Wine Advisor FoodLetter: Fresh tomato sauce

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 Fresh tomato sauce Cook down a lot of summer tomatoes into this versatile sauce, and you'll be enjoying summer flavor all winter.
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Fresh tomato sauce

At the risk of tiring readers with yet another celebration of all the great vegetables coming out of our garden this warm summer, we're reveling in a bumper crop of tomatoes over here.

Hoping that you are, too (or at least have access to fresh local tomatoes at farmers' markets), I thought it would be worth revisiting a topic I discussed around this same time five years ago, talking about how to capture a taste of this bounty and save it for enjoyment when winter winds blast.

The secret: Make fresh tomato sauce! As I said in the July 25, 2002 FoodLetter, fresh-made sauce offers delicious richness and fresh flavor that can't be duplicated from a can, and better yet, it's easy to freeze in single-serving portions.

My standard recipe is simple, and subject to endless variation to your taste. (In fact, I've made a few small changes since I last talked about this procedure in print.)

The key, in any case, is not traditional long simmering, but a quick, non-intrusive cooking down that retains the tomatoes' natural fresh flavor. If you decide you want a long-cooked Sicilian-style sauce later, you can always put a ration on the back burner with plenty of garlic and let it simmer for hours and caramelize into Italian-American "gravy." Or use it to make tomato soup, or lasagna, or even a quick pizza topping ... well, you get the idea.


(Makes about 3 quarts or a scant 3 liters)

About 5 pounds (2 kilos) fresh, ripe tomatoes (plum tomatoes such as Romas are best for sauce, but any fresh garden tomato will do)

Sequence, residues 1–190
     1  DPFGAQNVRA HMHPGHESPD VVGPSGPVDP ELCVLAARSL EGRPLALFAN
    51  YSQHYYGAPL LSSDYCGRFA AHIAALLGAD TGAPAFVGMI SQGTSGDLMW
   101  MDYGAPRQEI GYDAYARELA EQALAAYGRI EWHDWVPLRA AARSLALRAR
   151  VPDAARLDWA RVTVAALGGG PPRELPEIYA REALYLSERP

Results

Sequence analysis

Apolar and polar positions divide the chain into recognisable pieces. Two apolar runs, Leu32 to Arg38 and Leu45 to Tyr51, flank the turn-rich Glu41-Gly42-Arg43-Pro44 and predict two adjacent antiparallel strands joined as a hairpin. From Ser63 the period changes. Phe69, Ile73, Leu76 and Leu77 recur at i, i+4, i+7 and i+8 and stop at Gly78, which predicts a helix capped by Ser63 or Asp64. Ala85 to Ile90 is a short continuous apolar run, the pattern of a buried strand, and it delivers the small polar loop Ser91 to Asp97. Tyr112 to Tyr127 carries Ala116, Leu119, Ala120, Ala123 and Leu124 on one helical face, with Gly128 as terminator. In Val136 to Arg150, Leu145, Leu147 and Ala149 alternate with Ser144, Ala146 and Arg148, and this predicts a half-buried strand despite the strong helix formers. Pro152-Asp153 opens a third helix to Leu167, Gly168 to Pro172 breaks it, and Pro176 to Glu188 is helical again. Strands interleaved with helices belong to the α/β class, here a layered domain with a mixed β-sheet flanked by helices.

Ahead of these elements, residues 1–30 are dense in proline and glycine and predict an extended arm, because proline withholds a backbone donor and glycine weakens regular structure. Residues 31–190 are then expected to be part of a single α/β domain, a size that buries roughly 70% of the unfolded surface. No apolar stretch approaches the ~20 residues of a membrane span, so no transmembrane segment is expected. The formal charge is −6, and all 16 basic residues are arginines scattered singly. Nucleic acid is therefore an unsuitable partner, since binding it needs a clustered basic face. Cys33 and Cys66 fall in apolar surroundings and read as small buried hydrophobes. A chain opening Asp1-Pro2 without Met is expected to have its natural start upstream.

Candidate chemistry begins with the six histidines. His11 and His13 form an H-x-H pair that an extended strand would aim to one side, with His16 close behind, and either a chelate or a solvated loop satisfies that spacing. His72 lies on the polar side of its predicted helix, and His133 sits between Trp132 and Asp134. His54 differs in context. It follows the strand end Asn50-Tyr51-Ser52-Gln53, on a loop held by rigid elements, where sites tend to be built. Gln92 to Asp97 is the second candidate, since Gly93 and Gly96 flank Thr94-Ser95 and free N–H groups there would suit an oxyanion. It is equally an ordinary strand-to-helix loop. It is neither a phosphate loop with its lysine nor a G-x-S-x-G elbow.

1 large sweet white or yellow onion
Several sprigs of fresh basil
2 tablespoons (30ml) good olive oil
Sea salt
Black pepper


1. Cut the tomatoes into large chunks and put them in a large non-reactive pan (most experts advise avoiding aluminum to avoid off flavors, although a hard anodized aluminum surface is OK).

2. Peel the onion and cut it into chunks, and put them in with the tomatoes. Add the whole basil sprigs, the olive oil and a bit of salt and pepper. (Be discreet with the seasoning. You can always add more when you use the sauce in recipes, but you can't take it out.)

3. Bring the tomatoes to a boil over high heat, stirring and mashing the tomato pieces occasionally. The natural juice of the tomatoes will provide all the liquid you need. When it boils, reduce heat to a simmer, cover, and cook until the tomatoes are soft but not overcooked. About 30 minutes is plenty. The key to this sauce is freshness and simplicity. If you want to make a sweet, caramelized Italian-American "gravy," you can always put some sauce and a lot of garlic over low heat and simmer it for hours later on.

4. Put the entire contents of a pan through a Foley food mill (an inexpensive and useful accessory that should be available anywhere kitchen supplies are sold). If you don't have a food mill, you can force the sauce through a large strainer, but it's a lot more work. In any case, the point is to separate smooth, flavorful pulp from the tomato skins and seeds, which at this point will have given all their flavor to the sauce. To view a Foley food mill on, click

Use immediately or freeze. It tastes great over hot pasta with nothing added but grated cheese, or of course you can use it as your base in any recipe that calls for tomato sauce.

MATCHING WINE: Your wine match depends on the recipe, of course, but I find that fruity and acidic Italian reds make natural companions with tomatoes and tomato sauce. Chianti with red-sauced spaghetti or pizza is not just a cliche ... in my most recent batch, a simple bowl of spaghetti with a dollop of this sauce and a ration of grated Pecorino Romano cheese made a splendid match with a very modest 2005 Chianti.

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